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In D&D 3.5e there was a rule that would allow the caster of a touch spell to cast it on six different individuals if they used a full round action to do so (emphasis added):

Holding the Charge

If you don’t discharge the spell in the round when you cast the spell, you can hold the discharge of the spell (hold the charge) indefinitely. You can continue to make touch attacks round after round. You can touch one friend as a standard action or up to six friends as a full-round action. If you touch anything or anyone while holding a charge, even unintentionally, the spell discharges. If you cast another spell, the touch spell dissipates. Alternatively, you may make a normal unarmed attack (or an attack with a natural weapon) while holding a charge. In this case, you aren’t considered armed and you provoke attacks of opportunity as normal for the attack. (If your unarmed attack or natural weapon attack doesn’t provoke attacks of opportunity, neither does this attack.) If the attack hits, you deal normal damage for your unarmed attack or natural weapon and the spell discharges. If the attack misses, you are still holding the charge.

Let's say that you are a cleric and you have cure wounds, can you have your party stand around you after a battle and use a full round action to administer cure light wounds to six willing subjects?

Does D&D 5e still officially have this rule or one like it?

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    \$\begingroup\$ For an example; Enhance Ability allows targeting multiple creatures with a higher level slot. The spell doesn't mention anything about how touching multiple targets works. \$\endgroup\$ – Erik Aug 17 '17 at 21:51
  • \$\begingroup\$ The rule I can find, for 3.5 is "willing" targets. Are you concerned with "willing" targets or "any" targets? d20srd.org/srd/magicOverview/spellDescriptions.htm#range \$\endgroup\$ – godskook Aug 17 '17 at 21:57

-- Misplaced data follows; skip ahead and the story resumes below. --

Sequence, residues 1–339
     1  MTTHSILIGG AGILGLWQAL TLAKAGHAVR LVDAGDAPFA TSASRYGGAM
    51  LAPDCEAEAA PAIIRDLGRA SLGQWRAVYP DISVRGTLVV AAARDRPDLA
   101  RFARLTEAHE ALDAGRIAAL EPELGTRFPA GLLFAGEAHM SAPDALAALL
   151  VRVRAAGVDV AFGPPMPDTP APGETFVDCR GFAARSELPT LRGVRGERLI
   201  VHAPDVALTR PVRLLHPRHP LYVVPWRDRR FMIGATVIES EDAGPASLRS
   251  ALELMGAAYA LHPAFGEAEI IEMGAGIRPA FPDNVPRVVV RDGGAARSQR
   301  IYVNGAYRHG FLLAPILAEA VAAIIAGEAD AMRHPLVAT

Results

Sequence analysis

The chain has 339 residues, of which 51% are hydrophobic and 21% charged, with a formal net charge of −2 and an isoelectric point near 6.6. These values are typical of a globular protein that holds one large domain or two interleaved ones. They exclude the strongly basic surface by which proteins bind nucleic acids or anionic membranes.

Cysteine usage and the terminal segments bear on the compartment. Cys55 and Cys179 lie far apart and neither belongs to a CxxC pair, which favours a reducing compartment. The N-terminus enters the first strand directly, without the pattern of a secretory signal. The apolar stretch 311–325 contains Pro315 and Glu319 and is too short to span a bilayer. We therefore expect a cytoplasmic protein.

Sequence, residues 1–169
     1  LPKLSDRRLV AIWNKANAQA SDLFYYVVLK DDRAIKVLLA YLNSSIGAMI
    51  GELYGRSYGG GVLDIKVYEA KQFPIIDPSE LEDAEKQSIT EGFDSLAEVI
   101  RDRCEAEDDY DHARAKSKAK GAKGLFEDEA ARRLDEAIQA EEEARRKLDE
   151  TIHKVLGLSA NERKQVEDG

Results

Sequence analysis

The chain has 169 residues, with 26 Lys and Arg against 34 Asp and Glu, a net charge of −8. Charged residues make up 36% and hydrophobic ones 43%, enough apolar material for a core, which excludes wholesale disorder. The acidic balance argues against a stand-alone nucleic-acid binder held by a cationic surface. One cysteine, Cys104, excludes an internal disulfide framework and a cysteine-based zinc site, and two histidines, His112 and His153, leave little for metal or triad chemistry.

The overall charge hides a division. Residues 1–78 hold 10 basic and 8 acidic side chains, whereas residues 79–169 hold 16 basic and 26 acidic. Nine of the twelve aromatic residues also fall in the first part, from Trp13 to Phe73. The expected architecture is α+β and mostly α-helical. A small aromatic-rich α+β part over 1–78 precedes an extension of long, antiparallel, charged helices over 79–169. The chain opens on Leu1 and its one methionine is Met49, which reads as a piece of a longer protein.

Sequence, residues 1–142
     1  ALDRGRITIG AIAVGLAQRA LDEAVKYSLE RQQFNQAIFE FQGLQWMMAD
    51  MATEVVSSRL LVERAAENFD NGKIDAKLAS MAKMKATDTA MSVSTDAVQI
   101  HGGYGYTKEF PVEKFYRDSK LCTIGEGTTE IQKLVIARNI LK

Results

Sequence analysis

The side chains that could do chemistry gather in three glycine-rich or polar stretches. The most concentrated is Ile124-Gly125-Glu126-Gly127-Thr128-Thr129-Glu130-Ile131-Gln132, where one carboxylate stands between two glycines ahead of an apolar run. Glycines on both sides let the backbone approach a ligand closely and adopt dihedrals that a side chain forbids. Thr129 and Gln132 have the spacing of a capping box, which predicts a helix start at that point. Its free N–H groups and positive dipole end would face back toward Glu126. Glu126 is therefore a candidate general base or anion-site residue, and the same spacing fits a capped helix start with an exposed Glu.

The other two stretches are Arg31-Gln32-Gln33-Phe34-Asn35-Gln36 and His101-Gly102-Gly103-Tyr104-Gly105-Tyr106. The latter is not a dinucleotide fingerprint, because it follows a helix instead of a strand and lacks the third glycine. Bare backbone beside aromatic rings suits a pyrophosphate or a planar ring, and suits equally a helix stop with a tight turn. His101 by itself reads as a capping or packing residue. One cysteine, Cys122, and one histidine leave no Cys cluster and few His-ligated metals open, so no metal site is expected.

• \$\begingroup\$ It might help to include the 3.5e rule in your question so we know exactly what kind of rule you're looking for in 5e. As is, there's a pretty straight-forward answer to the title question but as a non-3.5e player myself, I have no idea if that would be the kind of answer you're expecting since I don't know what the rules are for 3.5e. \$\endgroup\$ – Purple Monkey Aug 18 '17 at 2:41
  • \$\begingroup\$ Yeah, I started writing an answer, then realised it's really hard to be sure what you're asking here. What do you actually want to be able to do? Can you give us an example scenario? \$\endgroup\$ – Miniman Aug 18 '17 at 3:26
  • \$\begingroup\$ It depends on the spell. Can you clarify this? \$\endgroup\$ – enkryptor Aug 18 '17 at 11:07
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There is no general rule; a spell tells you how many targets it has

Simply put there is no rule that you can cast a spell and administer its effects to multiple people in any way unless the spells description says you can.

In your example, the cure wounds spell says (emphasis mine):

A creature you touch regains a number of hit points...

Since there is no general rule that you can administer touch spells to multiple targets, the spell's description takes over. "A creature" means just that - a single creature.

Compare that to a spell like heroism which states:

When you cast this spell using a spell slot of 2nd level or higher, you can target one additional creature for each slot level above 1st.